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New Mill District Art Trail Established Through Grant From John S. and James L. Knight Foundation at CCCF

The Mill District Public Art Trail opened September 7 and is an artistic journey featuring public art by 11 different South Carolina artists. The installation was made possible in part by a grant from the John S. and James L. Knight Foundation at Central Carolina Community Foundation.

The trail creatively connects the Mill Village’s Grandby, Whaley and Olympia neighborhoods. It allows visitors to take a self-paced tour of the art and the deep history of the Columbia textile mills.

“This is a chance for people to engage the work in a less formal situation so they can walk right up to it and engage it on their own time frame and walking schedule,” said Michaela Brown, executive director of 701 Center for Contemporary Art.

The idea for the project came from a combination of organizers, community members, volunteers at 701 CCA along with Mill District community members. 701 CCA was looking for a way to directly engage the community by expanding upon its walls and reimagining the Mill District as a vibrant piece of the city.

Sculptures on the trail, separately and collectively, tell the stories of mill workers and the working conditions people underwent: long hours, child labor and safety and health issues.

The specific location of each installation brings about a history within the piece. The sculptures honor mill workers and the textile industry to broadcast the historic aspects of the Mill District while still complimenting the existing public art and mill architecture. For example, some pieces are housed inside guard houses while others are placed throughout residential areas. Each sculpture’s site allows for memory to be preserved which amplifies previously marginalized voices.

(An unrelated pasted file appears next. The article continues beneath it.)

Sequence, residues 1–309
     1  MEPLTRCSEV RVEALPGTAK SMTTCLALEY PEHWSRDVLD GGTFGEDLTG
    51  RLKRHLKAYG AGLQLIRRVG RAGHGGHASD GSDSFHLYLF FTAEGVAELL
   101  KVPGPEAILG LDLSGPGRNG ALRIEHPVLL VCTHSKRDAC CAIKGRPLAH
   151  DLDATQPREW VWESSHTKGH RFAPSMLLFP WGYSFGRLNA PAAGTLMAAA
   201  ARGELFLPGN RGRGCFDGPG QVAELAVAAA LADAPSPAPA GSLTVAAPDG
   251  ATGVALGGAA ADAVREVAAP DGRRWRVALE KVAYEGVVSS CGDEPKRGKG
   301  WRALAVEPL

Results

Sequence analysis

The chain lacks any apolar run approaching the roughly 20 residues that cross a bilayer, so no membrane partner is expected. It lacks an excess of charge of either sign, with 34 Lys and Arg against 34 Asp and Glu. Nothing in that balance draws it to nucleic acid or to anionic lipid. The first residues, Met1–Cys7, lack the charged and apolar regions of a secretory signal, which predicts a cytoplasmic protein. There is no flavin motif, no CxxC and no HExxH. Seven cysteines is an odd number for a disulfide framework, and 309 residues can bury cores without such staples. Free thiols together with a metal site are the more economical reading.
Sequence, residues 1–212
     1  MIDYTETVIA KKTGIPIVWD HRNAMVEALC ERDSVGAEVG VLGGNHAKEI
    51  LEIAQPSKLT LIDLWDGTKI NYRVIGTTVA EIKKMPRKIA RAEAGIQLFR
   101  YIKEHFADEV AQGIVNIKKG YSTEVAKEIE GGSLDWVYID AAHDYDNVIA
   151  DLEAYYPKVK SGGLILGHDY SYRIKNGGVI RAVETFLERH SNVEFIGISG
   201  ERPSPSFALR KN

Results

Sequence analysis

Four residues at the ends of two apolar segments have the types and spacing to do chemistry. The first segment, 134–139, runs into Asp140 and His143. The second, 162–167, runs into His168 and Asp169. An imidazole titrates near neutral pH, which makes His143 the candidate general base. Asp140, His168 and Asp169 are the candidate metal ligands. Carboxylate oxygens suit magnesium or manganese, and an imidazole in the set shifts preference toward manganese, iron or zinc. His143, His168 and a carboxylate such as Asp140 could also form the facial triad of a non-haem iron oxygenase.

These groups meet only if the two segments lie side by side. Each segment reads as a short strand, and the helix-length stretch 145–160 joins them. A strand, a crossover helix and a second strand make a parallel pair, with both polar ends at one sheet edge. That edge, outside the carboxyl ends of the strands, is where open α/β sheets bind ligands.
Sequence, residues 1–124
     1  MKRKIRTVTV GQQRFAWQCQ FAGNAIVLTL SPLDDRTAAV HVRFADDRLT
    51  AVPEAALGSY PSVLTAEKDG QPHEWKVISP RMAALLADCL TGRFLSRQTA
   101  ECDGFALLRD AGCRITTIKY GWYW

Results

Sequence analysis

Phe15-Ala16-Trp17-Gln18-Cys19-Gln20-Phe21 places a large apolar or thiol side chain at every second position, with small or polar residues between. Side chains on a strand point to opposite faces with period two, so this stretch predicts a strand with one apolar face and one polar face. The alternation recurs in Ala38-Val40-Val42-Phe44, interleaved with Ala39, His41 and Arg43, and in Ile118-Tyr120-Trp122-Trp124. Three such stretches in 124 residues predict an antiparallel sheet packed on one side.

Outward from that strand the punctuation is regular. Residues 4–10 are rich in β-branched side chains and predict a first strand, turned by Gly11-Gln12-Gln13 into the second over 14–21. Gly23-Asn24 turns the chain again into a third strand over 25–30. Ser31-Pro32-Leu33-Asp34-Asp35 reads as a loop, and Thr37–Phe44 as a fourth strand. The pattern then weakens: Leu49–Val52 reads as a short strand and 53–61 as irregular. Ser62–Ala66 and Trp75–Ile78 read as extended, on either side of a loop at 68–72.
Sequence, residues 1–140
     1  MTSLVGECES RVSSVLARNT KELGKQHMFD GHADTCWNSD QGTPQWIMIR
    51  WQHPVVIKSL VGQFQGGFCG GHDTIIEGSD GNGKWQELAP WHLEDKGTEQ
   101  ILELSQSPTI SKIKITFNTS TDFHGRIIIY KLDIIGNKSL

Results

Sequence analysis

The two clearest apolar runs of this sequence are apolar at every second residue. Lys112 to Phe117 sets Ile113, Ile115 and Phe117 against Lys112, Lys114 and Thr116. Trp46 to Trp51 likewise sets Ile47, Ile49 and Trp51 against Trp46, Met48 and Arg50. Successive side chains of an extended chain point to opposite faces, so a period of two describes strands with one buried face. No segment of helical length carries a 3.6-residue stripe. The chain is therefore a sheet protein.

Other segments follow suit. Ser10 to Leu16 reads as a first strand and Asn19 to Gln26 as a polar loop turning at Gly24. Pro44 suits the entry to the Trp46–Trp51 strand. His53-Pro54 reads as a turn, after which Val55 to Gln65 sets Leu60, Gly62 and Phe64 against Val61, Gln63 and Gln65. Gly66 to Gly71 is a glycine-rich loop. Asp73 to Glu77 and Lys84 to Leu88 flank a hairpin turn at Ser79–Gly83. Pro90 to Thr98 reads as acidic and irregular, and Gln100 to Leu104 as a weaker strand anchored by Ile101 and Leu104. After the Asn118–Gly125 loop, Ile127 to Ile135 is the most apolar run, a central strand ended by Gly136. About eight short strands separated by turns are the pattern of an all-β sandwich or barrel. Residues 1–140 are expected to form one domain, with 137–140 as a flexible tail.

The trail is different because it provides a space for art in open air. COVID-19 has affected peoples’ comfortability with attending indoor events, so the art trail provides a solution.

“As people continue to be concerned about being in closed spaces, it’s been an opportunity for us to stay engaged with the community even as some of the other programs had to go on hold,” said Brown.

The Knight Foundation supported this project because of the art trail’s ability to attract and nurture talent as well as enhance the public realm to be more connected and vibrant. The amount of collaboration involved between the community, the Mill District and 701 CCA also attributed to the Knight Foundation’s backing.

“The Knight Foundation was instrumental in every aspect of this from ideation to completion, providing money for the process of design and implementation right to our ability to support artists,” said Brown.

While the trail is free and open to the public, 701 Center for Contemporary Art always accepts and appreciates donations so they can continue providing art for the public.

Find physical addresses of each of the installations here.

Learn more about available the Knight Foundation Advised Fund at Central Carolina Community Foundation here.

 

 

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